Village Infants’ School

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About Village Infants’ School

Name Village Infants’ School
Ofsted Inspections
Headteacher Yolanda Cattle
Address Ford Road, Dagenham, RM10 9JS
Phone Number 02082706589
Phase Primary
Type Community school
Age Range 3-7
Religious Character Does not apply
Gender Mixed
Number of Pupils 290
Local Authority Barking and Dagenham
Highlights from Latest Inspection


Village Infants' School continues to be a good school.

What is it like to attend this school?

Pupils enjoy coming to school.

They are enthusiastic about their learning. The school motto states that pupils should become 'good thinkers and good learners'. Pupils know that their teachers expect them to do well.

Pupils said that they know that staff will help them if they get stuck and that it is OK to make mistakes.

Pupils are safe and happy at this school. Every parent or carer who spoke to me or responded to Parent View agreed that this is a happy school.

Pupils said that bullying does not happen. They said that if there is any unkindness, they know that t...hey can turn to staff to help them.

The school has a calm feel to it.

Pupils behave well and care about each other. Some pupils are given special tasks, for example wearing the 'Can I help you?' jumpers. These pupils take their roles very seriously.

Pupils with special educational needs and/or disabilities (SEND) are well supported. Leaders have organised the day so that all pupils have access to the full curriculum. Staff skilfully adapt activities to help pupils.

Teaching assistants and teachers make time to support pupils with SEND to remember new knowledge and practise recently acquired skills if needed.

What does the school do well and what does it need to do better?

Leaders believe in the important part that infant schools play in young pupils' education. In many subjects they have created a programme of learning which is well organised.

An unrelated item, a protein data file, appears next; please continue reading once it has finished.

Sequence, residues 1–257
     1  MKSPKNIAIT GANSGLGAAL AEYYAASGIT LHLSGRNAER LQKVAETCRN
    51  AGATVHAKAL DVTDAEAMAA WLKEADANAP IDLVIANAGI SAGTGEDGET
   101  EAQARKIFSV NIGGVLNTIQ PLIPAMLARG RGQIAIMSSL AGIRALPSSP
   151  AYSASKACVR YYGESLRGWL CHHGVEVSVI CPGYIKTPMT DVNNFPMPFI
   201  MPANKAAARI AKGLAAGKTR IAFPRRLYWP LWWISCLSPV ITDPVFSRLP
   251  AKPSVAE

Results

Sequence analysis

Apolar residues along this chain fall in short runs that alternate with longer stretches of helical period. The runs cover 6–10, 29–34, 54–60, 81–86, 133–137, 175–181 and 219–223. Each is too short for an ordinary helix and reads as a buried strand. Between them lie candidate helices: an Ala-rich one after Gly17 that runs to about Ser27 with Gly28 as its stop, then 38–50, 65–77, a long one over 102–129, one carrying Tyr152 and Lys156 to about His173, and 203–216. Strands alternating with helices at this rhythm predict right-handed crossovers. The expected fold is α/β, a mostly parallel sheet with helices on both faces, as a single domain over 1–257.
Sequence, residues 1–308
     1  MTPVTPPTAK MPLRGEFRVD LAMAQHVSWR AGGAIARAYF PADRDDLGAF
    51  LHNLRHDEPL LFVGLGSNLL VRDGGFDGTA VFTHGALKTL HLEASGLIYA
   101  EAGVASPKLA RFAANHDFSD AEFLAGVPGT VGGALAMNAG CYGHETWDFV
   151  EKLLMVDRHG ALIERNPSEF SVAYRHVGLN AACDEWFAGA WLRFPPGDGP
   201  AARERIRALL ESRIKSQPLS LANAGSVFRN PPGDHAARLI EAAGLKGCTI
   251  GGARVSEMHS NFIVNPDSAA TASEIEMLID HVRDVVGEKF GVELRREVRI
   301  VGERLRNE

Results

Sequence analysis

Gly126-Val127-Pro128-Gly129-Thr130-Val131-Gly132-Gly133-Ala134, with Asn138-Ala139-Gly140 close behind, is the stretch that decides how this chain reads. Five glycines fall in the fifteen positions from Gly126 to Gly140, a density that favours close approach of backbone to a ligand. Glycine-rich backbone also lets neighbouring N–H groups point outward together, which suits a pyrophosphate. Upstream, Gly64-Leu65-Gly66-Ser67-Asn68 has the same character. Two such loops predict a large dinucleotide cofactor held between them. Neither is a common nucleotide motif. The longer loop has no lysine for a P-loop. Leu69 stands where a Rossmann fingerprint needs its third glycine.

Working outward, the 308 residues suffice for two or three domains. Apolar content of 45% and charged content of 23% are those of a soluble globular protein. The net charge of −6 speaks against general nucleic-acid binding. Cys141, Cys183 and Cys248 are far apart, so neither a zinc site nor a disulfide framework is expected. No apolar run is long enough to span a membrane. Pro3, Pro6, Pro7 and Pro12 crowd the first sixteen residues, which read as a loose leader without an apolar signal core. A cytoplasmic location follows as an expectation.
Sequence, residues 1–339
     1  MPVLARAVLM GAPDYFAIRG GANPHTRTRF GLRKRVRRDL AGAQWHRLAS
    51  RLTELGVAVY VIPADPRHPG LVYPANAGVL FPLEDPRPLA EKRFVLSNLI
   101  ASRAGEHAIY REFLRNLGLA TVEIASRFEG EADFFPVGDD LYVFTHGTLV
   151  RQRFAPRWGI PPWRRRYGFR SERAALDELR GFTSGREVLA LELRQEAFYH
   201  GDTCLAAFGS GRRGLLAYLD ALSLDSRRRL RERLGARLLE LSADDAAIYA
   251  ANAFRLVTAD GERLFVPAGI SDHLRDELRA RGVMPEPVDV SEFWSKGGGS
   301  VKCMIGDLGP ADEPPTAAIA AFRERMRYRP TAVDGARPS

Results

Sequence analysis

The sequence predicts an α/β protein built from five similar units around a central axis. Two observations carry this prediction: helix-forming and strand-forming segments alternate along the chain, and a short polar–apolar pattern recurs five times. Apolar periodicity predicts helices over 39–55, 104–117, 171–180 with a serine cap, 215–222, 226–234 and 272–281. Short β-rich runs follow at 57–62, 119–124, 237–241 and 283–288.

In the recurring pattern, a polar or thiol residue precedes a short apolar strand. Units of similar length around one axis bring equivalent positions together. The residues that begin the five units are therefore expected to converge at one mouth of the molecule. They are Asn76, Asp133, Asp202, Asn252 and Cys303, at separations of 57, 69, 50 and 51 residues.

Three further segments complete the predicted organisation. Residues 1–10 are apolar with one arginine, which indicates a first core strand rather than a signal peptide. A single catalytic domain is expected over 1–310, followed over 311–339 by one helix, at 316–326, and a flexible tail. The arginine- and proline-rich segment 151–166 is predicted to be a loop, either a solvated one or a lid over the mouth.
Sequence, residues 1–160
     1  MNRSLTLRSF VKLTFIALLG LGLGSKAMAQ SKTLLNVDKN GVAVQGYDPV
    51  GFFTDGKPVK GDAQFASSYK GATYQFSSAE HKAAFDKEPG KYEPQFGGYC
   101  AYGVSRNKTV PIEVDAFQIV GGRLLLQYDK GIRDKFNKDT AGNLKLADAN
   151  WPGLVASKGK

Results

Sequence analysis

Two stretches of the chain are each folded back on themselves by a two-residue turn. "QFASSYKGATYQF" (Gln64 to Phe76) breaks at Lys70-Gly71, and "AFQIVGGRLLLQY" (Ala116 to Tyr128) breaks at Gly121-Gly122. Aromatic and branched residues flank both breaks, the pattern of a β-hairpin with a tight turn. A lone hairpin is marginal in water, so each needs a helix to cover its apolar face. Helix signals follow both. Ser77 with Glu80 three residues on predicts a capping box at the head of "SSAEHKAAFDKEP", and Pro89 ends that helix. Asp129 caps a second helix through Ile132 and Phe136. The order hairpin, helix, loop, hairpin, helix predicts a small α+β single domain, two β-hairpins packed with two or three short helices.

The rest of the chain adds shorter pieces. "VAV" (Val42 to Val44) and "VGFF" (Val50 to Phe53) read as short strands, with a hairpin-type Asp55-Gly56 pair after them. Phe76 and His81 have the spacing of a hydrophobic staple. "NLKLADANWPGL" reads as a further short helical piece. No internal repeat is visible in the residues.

Pupils achieve well and are well supported in their learning.

Pupils achieve well in reading. Staff ensure that pupils have a good understanding of phonics.

Where there are gaps, staff provide pupils with additional support. This support often happens at the very beginning of the school day to minimise the impact on the pupils' wider learning. Pupils with SEND are well supported in the classroom.

Teachers and teaching assistants break down tasks into smaller steps so that pupils can learn.Pupils develop a love of reading through well-chosen texts. Pupils discuss their favourite authors and books that they have enjoyed reading.

Displays around the school celebrate different authors and types of book. Pupils listen attentively to stories shared in class. Pupils said that they read at home.

Reading is supported and enhanced by the high level of parent support through workshops from the early years to Year 2.

In mathematics, leaders have identified the important aspects of learning. They have broken these down to support both staff and pupils with the teaching and learning of mathematical concepts.

Pupils learn more and remember more because each of these concepts is revisited regularly throughout their time in the school. Children quickly learn to apply their skills in a range of situations. Children in Reception were learning about doubling a single-digit number.

Children were highly engaged and were able to use their new knowledge and apply it to numbers greater than 10.

In Nursery, children were learning about shapes. The children engaged in a wide range of activities to show what they had learned.